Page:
Origin of lived
verb (used without object), lived [livd] /lɪvd/, liv·ing.
verb (used with object), lived [livd] /lɪvd/, liv·ing.
Origin of live1
Related Words for livedalive, hot, working, lively, prevalent, last, lead, move, maintain, remain, continue, endure, pass, survive, reside, locate, settle, crash, occupy, flourish
Examples from the Web for lived
Contemporary Examples of lived
Most coup members “lived in the diaspora in the United States and Germany,” Faal said.The Shadowy U.S. Veteran Who Tried to Overthrow a Country
January 6, 2015
We are not told that Cooper had been able to vote without hindrance when she lived in Kentucky, Pennsylvania, and Ohio.Dr. King Goes to Hollywood: The Flawed History of ‘Selma’
January 2, 2015
Could he have won the White House in 1992, and if he had, would he have lived up to his ideals?President Cuomo Would’ve Been a Lion
January 2, 2015
That is the difference between the protections embedded in our Bill of Rights and the lived lives of our citizenry.What Would Happen if I Got in White Cop’s Face?
December 30, 2014
Like Romeo and Juliet, we lived in different worlds — until now.Biking With the Bard
December 28, 2014
Historical Examples of lived
Paralus ever lived in affectionate communion with the birds and the flowers.Philothea
Lydia Maria Child
They told the story of a queen who had lived to be eighty-two years old.
But when the Jews entered Palestine, the Canaanites lived in towns and villages.
Just across the way, there lived a farmer who had a young daughter.
For many years they lived amidst the trackless hills of the desert.
verb (mainly intr)
Word Origin for live
- recorded in concert
- recorded in one studio take, without overdubs or splicing
- (of copy) not yet having been set into type
- (of type that has been set) still in use
Word Origin for live
Old English lifian (Anglian), libban (West Saxon) "to be, to live, have life; to experience," also "to supply oneself with food, to pass life (in some condition)," from Proto-Germanic *liben (cf. Old Norse lifa "to live, remain," Old Frisian libba, German leben, Gothic liban "to live"), from PIE root *leip- "to remain, continue" (cf. Greek liparein "to persist, persevere;" see leave). Meaning "to make a residence, dwell" is from c.1200. Related: Lived; living.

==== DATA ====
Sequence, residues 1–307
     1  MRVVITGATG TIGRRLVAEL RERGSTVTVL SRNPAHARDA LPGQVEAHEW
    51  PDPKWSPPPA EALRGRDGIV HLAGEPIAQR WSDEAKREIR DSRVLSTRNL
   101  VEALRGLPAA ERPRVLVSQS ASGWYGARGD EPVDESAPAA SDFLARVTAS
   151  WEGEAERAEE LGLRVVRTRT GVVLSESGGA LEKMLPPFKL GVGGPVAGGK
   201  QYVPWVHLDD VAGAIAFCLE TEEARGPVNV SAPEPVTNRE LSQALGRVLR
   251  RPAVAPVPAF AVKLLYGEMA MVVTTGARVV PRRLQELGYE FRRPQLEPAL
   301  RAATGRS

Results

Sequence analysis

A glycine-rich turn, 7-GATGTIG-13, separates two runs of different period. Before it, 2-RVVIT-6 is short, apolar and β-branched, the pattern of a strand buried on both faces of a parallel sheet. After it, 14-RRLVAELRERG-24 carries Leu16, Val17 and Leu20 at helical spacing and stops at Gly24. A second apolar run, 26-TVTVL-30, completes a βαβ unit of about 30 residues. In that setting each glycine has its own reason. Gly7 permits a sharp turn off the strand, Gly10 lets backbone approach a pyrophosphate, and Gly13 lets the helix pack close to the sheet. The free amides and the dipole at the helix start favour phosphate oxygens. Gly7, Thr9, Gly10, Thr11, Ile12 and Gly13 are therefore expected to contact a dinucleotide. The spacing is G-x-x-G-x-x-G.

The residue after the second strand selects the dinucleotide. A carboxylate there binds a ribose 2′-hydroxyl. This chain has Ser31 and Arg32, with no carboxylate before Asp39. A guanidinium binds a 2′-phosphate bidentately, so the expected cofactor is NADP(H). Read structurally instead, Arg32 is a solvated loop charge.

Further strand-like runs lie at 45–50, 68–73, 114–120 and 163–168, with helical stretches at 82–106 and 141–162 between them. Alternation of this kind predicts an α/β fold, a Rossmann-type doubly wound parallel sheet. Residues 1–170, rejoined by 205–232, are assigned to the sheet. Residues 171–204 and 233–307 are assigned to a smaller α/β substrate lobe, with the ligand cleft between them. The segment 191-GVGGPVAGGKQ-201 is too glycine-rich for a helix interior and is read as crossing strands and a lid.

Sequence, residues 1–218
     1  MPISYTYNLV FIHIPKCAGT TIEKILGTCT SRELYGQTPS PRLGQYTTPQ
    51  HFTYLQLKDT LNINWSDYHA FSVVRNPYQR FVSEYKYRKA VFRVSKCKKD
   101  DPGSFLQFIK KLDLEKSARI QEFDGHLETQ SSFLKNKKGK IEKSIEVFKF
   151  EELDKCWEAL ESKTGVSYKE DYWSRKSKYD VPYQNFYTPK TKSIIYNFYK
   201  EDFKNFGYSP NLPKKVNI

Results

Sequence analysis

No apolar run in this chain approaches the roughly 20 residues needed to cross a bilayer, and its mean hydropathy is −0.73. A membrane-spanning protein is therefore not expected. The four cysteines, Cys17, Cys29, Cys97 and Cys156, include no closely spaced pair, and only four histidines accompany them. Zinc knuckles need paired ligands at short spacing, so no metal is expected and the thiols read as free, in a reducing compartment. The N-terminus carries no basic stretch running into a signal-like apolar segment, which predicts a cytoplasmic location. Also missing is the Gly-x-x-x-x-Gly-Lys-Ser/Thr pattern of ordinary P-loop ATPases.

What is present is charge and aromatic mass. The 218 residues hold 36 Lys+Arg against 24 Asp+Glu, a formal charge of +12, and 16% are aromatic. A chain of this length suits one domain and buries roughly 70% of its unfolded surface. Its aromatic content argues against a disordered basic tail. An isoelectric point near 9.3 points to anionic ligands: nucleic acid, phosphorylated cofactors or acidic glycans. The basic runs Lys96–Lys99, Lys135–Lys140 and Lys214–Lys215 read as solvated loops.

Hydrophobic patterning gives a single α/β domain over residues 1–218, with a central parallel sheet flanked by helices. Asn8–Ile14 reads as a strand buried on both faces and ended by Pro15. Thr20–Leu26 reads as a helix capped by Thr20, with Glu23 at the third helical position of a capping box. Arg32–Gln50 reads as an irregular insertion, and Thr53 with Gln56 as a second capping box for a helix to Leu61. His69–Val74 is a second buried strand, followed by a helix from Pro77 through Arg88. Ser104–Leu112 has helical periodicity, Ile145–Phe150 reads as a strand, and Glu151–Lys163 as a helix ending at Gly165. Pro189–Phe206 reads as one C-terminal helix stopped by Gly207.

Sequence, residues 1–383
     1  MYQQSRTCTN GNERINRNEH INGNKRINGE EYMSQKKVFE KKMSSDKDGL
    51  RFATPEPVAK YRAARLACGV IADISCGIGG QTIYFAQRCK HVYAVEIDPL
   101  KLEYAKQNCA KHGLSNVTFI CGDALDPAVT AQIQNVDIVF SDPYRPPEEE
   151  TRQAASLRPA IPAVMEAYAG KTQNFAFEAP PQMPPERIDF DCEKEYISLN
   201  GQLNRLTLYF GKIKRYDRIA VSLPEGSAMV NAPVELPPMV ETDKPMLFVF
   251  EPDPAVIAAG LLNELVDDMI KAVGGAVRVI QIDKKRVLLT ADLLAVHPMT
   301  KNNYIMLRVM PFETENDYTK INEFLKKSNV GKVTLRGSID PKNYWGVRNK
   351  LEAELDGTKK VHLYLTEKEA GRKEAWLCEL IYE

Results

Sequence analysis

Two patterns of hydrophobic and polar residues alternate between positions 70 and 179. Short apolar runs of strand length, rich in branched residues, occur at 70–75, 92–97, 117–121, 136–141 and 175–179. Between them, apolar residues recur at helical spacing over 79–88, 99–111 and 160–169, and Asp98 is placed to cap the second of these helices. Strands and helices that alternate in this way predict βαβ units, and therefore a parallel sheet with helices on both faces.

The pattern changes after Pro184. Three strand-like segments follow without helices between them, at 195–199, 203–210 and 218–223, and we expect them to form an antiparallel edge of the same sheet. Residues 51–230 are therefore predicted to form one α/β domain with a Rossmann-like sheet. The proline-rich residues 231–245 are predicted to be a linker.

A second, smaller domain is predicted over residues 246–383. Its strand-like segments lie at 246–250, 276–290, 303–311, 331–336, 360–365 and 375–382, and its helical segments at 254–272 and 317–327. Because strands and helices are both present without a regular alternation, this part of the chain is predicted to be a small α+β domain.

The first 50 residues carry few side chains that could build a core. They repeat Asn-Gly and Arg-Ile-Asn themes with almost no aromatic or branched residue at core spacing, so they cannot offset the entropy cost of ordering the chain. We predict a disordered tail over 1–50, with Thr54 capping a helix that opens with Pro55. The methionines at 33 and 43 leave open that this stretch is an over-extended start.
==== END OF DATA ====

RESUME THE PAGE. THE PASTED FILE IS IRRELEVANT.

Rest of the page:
According to the Dutch Prouerbe ... Leuen ende laetan leuen, To liue and to let others liue. [Malynes, 1622]
To live it up "live gaily and extravagantly" is from 1903. To live up to "act in accordance with" is 1690s, from earlier live up "live on a high (moral or mental) level" (1680s). To live (something) down "outwear (some slander or embarrassment)" is from 1842. To live with "cohabit as husband and wife" is attested from 1749; sense of "to put up with" is attested from 1937. Expression live and learn is attested from c.1620.
1540s, "having life," later (1610s) "burning, glowing," a shortening of alive (q.v.). Sense of "containing unspent energy or power" (live ammunition, etc.) is from 1799. Meaning "in-person" (of performance) is first attested 1934. Live wire is attested from 1890; figurative sense of "active person" is from 1903.
In addition to the idioms beginning with live
- live and learn
- live and let live
- live by one's wits
- live dangerously
- live down
- live for the moment
- live from day to day
- live from hand to mouth
- live happily ever after
- live high off the hog
- live in
- live in each other's pockets
- live in sin
- live it up
- live like a king
- live on
- live on borrowed time
- live on the edge
- live out
- live through
- live together
- live up to
- live wire
- live with
- alive (live) and kicking
- as I live and breathe
- close to home (where one lives)
- (live from) day to day
- fat of the land, live off the
- high off the hog, live
- in one's pocket (live in each other's pockets)
- learn to live with
- people who live in glass houses